Jury convicts Roderick Creag of murder
Houston County Courier
By Lynda Jones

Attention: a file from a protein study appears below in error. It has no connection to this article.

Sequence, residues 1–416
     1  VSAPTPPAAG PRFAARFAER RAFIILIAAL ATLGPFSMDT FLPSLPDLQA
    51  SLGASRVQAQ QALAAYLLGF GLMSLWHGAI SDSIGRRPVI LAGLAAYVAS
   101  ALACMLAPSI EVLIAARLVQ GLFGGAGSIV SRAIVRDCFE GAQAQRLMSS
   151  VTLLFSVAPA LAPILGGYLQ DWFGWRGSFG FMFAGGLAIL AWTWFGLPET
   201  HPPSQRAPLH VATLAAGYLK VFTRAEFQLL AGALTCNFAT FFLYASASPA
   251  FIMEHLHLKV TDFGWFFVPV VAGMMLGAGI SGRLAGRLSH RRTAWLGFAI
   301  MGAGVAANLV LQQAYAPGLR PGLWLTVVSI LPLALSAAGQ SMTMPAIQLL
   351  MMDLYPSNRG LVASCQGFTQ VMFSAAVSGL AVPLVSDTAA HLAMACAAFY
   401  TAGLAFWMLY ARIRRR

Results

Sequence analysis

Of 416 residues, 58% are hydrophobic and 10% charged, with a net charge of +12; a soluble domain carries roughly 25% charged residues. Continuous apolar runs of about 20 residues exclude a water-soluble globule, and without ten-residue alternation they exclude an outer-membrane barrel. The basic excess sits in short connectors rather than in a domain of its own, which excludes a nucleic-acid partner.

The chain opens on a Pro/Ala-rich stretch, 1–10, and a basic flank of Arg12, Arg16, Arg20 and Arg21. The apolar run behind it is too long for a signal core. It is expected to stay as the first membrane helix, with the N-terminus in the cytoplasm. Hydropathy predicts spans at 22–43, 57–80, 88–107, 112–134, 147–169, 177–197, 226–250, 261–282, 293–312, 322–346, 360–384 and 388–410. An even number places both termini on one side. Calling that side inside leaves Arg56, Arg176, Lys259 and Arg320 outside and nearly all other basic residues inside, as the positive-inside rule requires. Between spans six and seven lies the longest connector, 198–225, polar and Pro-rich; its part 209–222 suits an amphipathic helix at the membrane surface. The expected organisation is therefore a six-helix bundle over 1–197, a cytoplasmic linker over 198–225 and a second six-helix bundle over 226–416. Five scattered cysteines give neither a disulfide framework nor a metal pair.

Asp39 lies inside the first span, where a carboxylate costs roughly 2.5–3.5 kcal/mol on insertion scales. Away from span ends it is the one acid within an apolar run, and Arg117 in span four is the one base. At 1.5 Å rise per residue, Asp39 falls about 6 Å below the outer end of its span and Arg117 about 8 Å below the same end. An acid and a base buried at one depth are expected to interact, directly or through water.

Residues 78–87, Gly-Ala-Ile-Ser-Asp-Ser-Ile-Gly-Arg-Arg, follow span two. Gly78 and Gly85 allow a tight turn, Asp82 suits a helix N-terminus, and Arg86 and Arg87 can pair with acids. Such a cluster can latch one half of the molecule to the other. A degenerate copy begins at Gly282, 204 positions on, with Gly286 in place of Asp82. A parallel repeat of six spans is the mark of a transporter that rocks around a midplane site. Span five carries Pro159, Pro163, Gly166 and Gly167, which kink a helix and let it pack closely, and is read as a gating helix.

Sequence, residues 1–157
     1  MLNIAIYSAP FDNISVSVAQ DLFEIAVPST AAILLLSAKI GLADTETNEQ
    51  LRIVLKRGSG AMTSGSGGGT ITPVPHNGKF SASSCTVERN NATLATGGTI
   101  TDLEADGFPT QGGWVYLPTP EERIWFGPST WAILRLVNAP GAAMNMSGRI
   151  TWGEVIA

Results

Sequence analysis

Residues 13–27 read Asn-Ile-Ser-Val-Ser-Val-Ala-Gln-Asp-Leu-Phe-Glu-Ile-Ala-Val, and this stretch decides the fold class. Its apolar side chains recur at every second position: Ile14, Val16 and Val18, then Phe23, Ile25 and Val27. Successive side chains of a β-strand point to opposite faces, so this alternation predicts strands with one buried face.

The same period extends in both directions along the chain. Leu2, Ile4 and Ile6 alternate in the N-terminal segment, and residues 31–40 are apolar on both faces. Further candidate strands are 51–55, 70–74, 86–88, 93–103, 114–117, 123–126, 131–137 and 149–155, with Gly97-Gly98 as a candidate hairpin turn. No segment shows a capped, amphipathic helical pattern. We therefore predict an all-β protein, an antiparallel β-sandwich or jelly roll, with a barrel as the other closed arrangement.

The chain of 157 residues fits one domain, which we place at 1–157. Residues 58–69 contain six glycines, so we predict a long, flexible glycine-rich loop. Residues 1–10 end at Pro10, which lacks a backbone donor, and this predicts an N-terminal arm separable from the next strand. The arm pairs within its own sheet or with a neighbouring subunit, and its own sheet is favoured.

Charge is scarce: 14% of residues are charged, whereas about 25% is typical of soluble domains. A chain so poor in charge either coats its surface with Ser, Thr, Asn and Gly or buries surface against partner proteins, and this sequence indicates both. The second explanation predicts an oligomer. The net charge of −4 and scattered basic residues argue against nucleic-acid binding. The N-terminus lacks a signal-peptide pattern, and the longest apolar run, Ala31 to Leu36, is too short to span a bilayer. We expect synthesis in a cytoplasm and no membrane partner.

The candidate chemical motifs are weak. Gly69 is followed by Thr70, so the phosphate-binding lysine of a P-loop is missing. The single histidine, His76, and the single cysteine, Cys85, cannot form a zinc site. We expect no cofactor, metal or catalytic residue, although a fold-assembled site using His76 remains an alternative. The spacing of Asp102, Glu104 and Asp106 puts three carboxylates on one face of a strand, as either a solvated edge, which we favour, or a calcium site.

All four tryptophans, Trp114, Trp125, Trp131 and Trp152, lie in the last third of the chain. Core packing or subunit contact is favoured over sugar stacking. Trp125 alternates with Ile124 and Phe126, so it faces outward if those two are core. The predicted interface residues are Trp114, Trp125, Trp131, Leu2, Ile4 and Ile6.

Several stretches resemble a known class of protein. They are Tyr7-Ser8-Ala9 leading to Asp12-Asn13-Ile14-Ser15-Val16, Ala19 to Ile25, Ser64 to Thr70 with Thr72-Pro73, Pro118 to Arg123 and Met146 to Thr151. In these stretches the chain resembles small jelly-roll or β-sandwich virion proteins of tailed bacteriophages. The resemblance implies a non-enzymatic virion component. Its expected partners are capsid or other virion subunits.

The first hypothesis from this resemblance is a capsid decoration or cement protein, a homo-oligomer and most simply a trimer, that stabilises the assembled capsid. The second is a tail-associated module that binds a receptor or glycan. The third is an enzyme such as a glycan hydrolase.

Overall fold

After an emotional week for all involved parties, a Houston County jury on Friday, Aug. 23, sentenced Roderick Demetrius Creag, Sr., 34, of Crockett to life in the Texas Department of Criminal Justice Institutional Division (TDCJID) for the Sept. 2, 2012 murder of Kimberly Caldera, 40, of Huntsville. The jury found Creag guilty of that crime Thursday, Aug. 23 after deliberating about 2-1/2 hours. The jurors also found him guilty of unlawful possession of a firearm by a felon and guilty of aggravated assault with a deadly weapon. Friday afternoon, again after deliberating for about 2-1/2 hours, the jury sentenced Creag to 20 years in TDCJID for the unlawful possession of a firearm by a felon charge, and life in TDCJID. The case began almost one year ago at a pasture off FM 2110 (Old Crockett State School Rd.), near FM 3310. The site was the scene of a party held on Sept. 1 following the annual Myrtis Dightman Rodeo and Trail Ride. According to an arrest affidavit and testimony from Crockett Police Department Detective Clayton Smith, who was a Houston County Sheriff's Deputy at the time and the first officer on the scene, the HCSO received a call about a disturbance with shots fired and a possible gunshot victim at approximately 3:15 a.m. on Sept. 2. Smith testified that he arrived on scene at approximately 3:20 a.m. and told dispatch to send more units. Caldera had been shot and was on the ground when Smith arrived, according to his testimony. Caldera was transported to the local hospital, where she passed away. Smith described the scene as "very chaotic". He said there were approximately 150 people there at the time, and they were trying to leave as quickly as they could. Jason Fransaw, her boyfriend, was wounded and trying to change a flat tire on his vehicle, according to Smith's testimony. Caldera's then 14-yearold daughter was one of the witnesses at the scene. Creag was identified by various witnesses as the shooter, according to law enforcement records. He left the scene before Smith arrived. He turned himself in on Sept. 3, stating in a taped interview with HCSO Deputy Randy Hargrove that he did not know he had shot Caldera until someone called and told him. He was held in the Houston County Jail for about six months, until he posted bail and was released on March 8. At the time of his arrest, Creag was a City of Crockett employee in the Street Department. In November 2012, a Houston County Grand Jury indicted Creag after determining the State had enough evidence to try the case. Also in November, Creag's bond was reduced from the original setting of $900,000 to $200,000. In preparation for the trial, there were pre-trial hearings and conferences as well as other preparations. On Monday, Aug. 26, Creag's attorney, Mark Cargill of Palestine, and the Houston County District Attorney's Office selected a jury panel and the indictments against Creag were read. Tuesday morning, Aug. 27, Creag's trial began in the District Courtroom of the 349th Judicial District with Judge Pam Foster Fletcher presiding. Fletcher explained rules and procedures step by step for the jurors as each phase of the trial began. In the beginning, she explained the types of evidence they would see and hear. She said, "Each of you must determine the facts as you see them to be. To do so, you must evaluate the credibility and the believability of each witness and to decide the weight and value to be given to each witness' testimony." Fletcher further instructed, "In considering the weight and value of a witness, you may consider the person's appearance, the person's attitude, the person's behavior, the person's interest in the outcome of the case, his or her relationship to the defendant, his or her relationship with the State of Texas, the inclination of the witness to tell the truth, the probability or the improbability of the witness' statements, the reasonable inferences from those statements, and all other factors you think will help you in giving that witness' testimony the degree of credibility you feel it deserves." She also explained the burden of proof was upon the State and the defendant is not required to produce any evidence, although the defendant may do so. In their opening statements, both Kaspar and Cargill echoed Fletcher as they explained the jurors would need to listen carefully and interpret and analyze each piece of evidence. Kaspar said the jury would hear two versions of how Caldera died a little after 3 a.m. - the State's version and Creag's version. "The first is going to be from Jason Fransaw and Kameron Harrison. Jason is Kimberly Caldera's boyfriend, or was at the time, and Kameron Harrison is her daughter. They had come to the party together; they had been there all evening long. About 3 o'clock they decided it was time to go home. . . Jason went to where he parked his car, got in the car to to bring it over to where their stuff was," Kaspar began. "They had chairs, and food; they were going to pack up and leave. As Jason was moving his car through the crowd and any other traffic, a white Cadillac pulled out in front of him and stopped, and wouldn't get out of his way. "I think you'll find out he asked the other car to get out of the way. I think you'll find when the other car began to move, they passed each other, driver door to driver door, and there was some mouthing between the both, Jason Fransaw and the defendant, Roderick Creag," Kaspar told the jury. She continued, "I think you'll find out that Jason Fransaw continued on, parked his car, and got out to go get his stuff. He got out of his car to find Roderick Creag getting out of his car towards him. I think that you'll hear that he (Fransaw) got back in his car, and ultimately Roderick Creag got back in his car and pulled away. "I think you'll hear from Jason Fransaw and Kameron Harrison that, once again, they thought it was over. You'll hear from the officers how the scene was when they got there. You'll see that there's a cooler right next to Jason Fransaw's car. You'll see that the back passenger door was open; you'll see that the trunk is open. . . . you'll find out about all the evidence they found inside and around that car." "I think you'll find that when Jason Fransaw thought that argument was over for the second time, he went and got that cooler . . I think you'll see that is the way, the opposite way of the direction from the way that the defendant left in his car, got that cooler, brought it back over to his car, and when he got it to the car and began to put it into the car, the defendant stepped out into the open and fired two shots in the direction of Fransaw. "I think you'll find from the evidence that, at some point, Kimberly Caldera had walked around that car and got into the driver's seat and was right there when the shots were fired." Kaspar said further, "I think you'll find out from the officers that the trajectory of the shots from where he shot, went through the back door and hit Kimberly Caldera in the back of the left shoulder. They pulled several of those buck shots out of her body. "I think that you'll find out that the defendant got back in his car, left the scene, went to Huntsville, went to Houston, then came back and turned himself in. "You have to decide if the defendant's side of the story is true, and if it's true, was it reasonable and immediately necessary to shoot." She added, "The evidence is not going to lie to you." Kaspar additionally explained the charge of aggravated assault with a deadly weapon was because it appeared the wadding from Creag's shotgun shell was what injured Fransaw. She also explained the charge of unlawful possession of a firearm by a felon. Creag completed parole for a felony offense in 2010 (Deadly conduct resulting in the death of two young men at a trail ride party in the Grapeland area in 1998) and that felons cannot be in possession of a firearm for five years after completion of parole. The details of his previous record were not revealed to the jury until the punishment phase of the trial began Thursday afternoon. After outlining what the State intended to prove as the story of what happened, Kaspar told the jury they also would hear Creag's side of the story, and that he would claim self-defense. Cargill told the jury during his opening statement that yes, his client was going to argue self-defense. He also told the jury it is true the evidence can't lie, but that the jurors must interpret that evidence. He additionally alleged Fransaw had pointed a gun at Creag, that Fransaw later said his handgun was stolen but he hadn't reported it stolen and no investigation was done into the alleged stolen handgun. He further said evidence would show no gun residue test was done on Fransaw to indicate if he had fired a gun recently. He said there would be evidence that would cast doubt on Fransaw's credibility as a witness. He also suggested other shots were being fired in the area, giving reason to question if maybe someone besides Creag had fired the shot that killed Caldera. Witnesses for the State included HCSO Deputy Lorenzo Simpson, Smith, Hargrove, Fransaw, Caldera's daughter and John Davis, a friend of the Dightman family who was nearby when the shooting occurred. There were no witnesses for the defense in this evidence phase of the trial. Simpson gave testimony regarding the parking arrangements at the party scene. He stated he was working as a security officer during the party prior to the shooting and assisted with parking. He was not on duty with HCSO at the time. Simpson also testified he left between 2 a.m.-2:30 a.m. Upon cross examination, Cargill established photos of the parking arrangement were a representation and estimation of the parking arrangement and not literal photos of cars parked on the scene. The representation was made using an aerial photo of the pasture that was altered to show where Simpson said the cars were parked the night of the party. Smith testified about giving CPR to Caldera, along with an unidentified woman who had started administering CPR before he arrived. He also gave testimony regarding the crime scene. He explained photographs showing evidence markers where two spent shell casings were found. There were photographs from the scene showing the flat tire on the passenger side of the car, an ice chest on the ground next to the passenger side of the car, blood on the side door panel of the rear driver's side door, blood splatter on the outside of the rear driver's side door and a hole in the headrest of the driver's seat where Caldera was hit. Photographs also showed where a projectile entered the panel on the inside of the driver's side door and where three projectiles entered the rear passenger side door that were visible when that door was open. Another photo show Fransaw's gun case in the front passenger seat. Smith referred to his notes and said the ammo recovered at the scene was 12 gauge double-aught buck. Pings to Creag's cell phone indicated he went to Huntsville and Houston after the shooting, Smith testified. Creag admitted in his videoed interview with Hargrove that he dropped the gun. He said when he realized he didn't have it, he was "too scared" to go back for it. Smith said the gun never was found. Fransaw's gun never was found, either. When Hargrove testified in court, he explained the different types of blood splatter in the vehicle and their significance to the case, and he explained the scatter of pellet holes found on the scene. He noted that the medical examiner found five pellets that remained in Caldera's body. He also explained the forensics of the trajectory of the shots fired by Creag. Another witness, John Davis of Montgomery County, testified as to what he saw. Davis was a vendor in the tent close to the shooting. He said he was a friend of the Dightman family and did not know any of the parties involved in the shooting. Davis said he saw the white Cadillac but could not identify the driver. He testified he saw the Cadillac turn around and speed through the entrance way (to the pasture) then come back in. He testified that next, he saw the trunk open, heard shots, saaw the man throw the gun into the trunk, the turn and look in the direction of the victim. Davis' voice broke and then he said, "He drove off." "I witnessed her take her last breath," Davis said. Cargill asked Davis if he saw four guys tring to start a fight by the car, did he see a gun by the car and did he take the gun from the car. Davis responded "No" to each question. Cargill also asked Davis what he was doing while he was watching the events, and Davis said he also was serving food, talking to his wife and to Pam Dightman. Before testifying, Assistant District Attorney Jonathan Richey asked Davis if Davis had ever met Richey or spoken with Richey before a few minutes prior to his courtroom appearance, and Davis responded "no". The jury also watched the video-taped interview with Creag, conducted by Hargrove after Creag turned himself in at HCSO. Creag stated in the interview, "When I do something I man up." He also said, "It wasn't just me shooting. There were more shots out there. . . I don't feel like I shot her." Later in the interview he stated the shots were some distance away. He also alleged that Fransaw had pulled a gun on him and that Fransaw cut him off when they were in their vehicles. Creag told Hargrove that he fired two shots and drove off. "People were shooting around me and I drove off," he said. After the video played, Cargill asked Hargrove if he had any training in interviewing a suspect during his academy classes, and Hargrove said very little. Cargill also asked about a gunshot residue test on Fransaw had been conducted, and Hargrove said it had not. There also was no DNA testing on the blood found on the car, according to Hargrove's testimony when Cargill asked. During his closing arguments, Cargill told the jury it was a very difficult case to look at, and discussed all the perspectives that had been presented during the trial. He referenced the perspectives of Fransaw, Caldera's daughter, Creag and Davis. He said there also were the perspectives of the officers who testified and the perspective of the jurors, who all received their information after the fact and that it was all subjective. He disputed Fransaw's credibility as a witness. As to Creag's self-defense claim, Cargill argued that Creag "believed he had no out" at the time he shot. He asserted that Creag could not have known Fransaw had a gun unless Fransaw pulled it on him, because Fransaw had admitted in his testimony he had one in the back of his pocket. Cargill said of Fransaaw, "His credibility just did not add up." He also stated Davis' testimony could not be true because Caldera was on the other side of the car from Creag, so Creag could not have seen her if he had looked back as Davis alleged. Before deliberations began, Fletcher told the jury they would have to decide who they believed and to consider each piece of evidence carefully. When they returned the verdict, it indicated they believed the State had proven its case beyond a reasonable doubt. During the punishment phase of the trial, Kaspar revealed Creag's criminal record and explained their impact in the assessment of punishments. In 1998, Creag was involved in the shooting deaths of two young men at an after-trail ride party in the Grapeland area. HCSO Deputy Mike Molnes investigated the case, and he identified similarities in the two cases. In both cases, the shootings occurred around 3 a.m. - 4 a.m. at a party after a trailride; Creag was not on the scene when law enforcement arrived and turned himself in one or two days after the shooting; witnesses at both scenes identified him as the shooter; and the weapons used in each case were never found. Additionally, the vehicle Creag used in each instance was located later at Creag's Uncle Maurice Hampton's home. In the earlier case, Creag took a plea bargain and pled guilty to the charge of deadly conduct in that case. He was granted probation, but violated that probation with another deadly conduct charge and was sentenced to 10 years in TDCJID. He served six years and was released on parole, which ended in 2010. The jury also was informed of Creag's previous convictions for a terroristic threat and two thefts. During the punishment phase, Cargill called three witnesses who testified on Creag's behalf: Wesley Elmore, a co-worker at the City of Crockett; Donald Wilson, a friend who has hired Creag to do mechanic work; and Paulette McClelland, who said she has known Creag since he was a child and sees him in church on Sundays. Each witness portrayed Creag as a good father and husband, a good family man. He also was described as a hard worker and dependable. None expressed concern about his past and never felt uncomfortable around him. They testified the man accused of the crimes was not the man they know. Kaspar and Richey shared the State's closing arguments. Kaspar asked the jury, "What kind of guy is the defendant, really?" She stated his criminal activity started 16 years ago and has escalated. She said he has been given multiple chances with previous offenses. "We tried to get him to prove he was the good guy he said he was," Kaspar said. "How many lives must he take?" "In the final closing argument, Richey addressed the jury and stated the current case was not an isolated incident, that the whole story began in the 1990s. He recapped the three deaths for which Creag has been determined responsible, then said emphatically, "It stops here." The jury agreed and assessed the maximum sentence for each of the three current convictions. The sentences will be served concurrently and Creag will be eligible for parole in 30 years. He stated he will file an appeal, and Fletcher appointed Cargill to represent him in the appeals process. Creag is confined at the Houston County Jail until he can be transferred to TDCJ-ID. After the final verdicts were rendered, Caldera's daughter, Kameron Harris, and her mother, Audrey Archie, were allowed to face Creag and make victim impact statements. Both said they forgive Creag, but they will never forget what he did. Harris said, "You claim to be a family man, but you tried to take my family away from me. You tried to kill my dad. "I'm 15 now, but I was 14 when I saw my mom get killed right in front of my face. . . . I was never raised in the hood. I was never around violence and fighting. So to see my mom get killed like that in front of my face, you have no clue what that did to me. . . ." She described living in fear of being shot herself. She also described herself as strong and having to be strong because she now has to do and deal with things other people don't have to do until they are much older than her. She additionally told Creag that because of what he did, her mom will not be at her high school graduation or at her wedding whenever she gets married.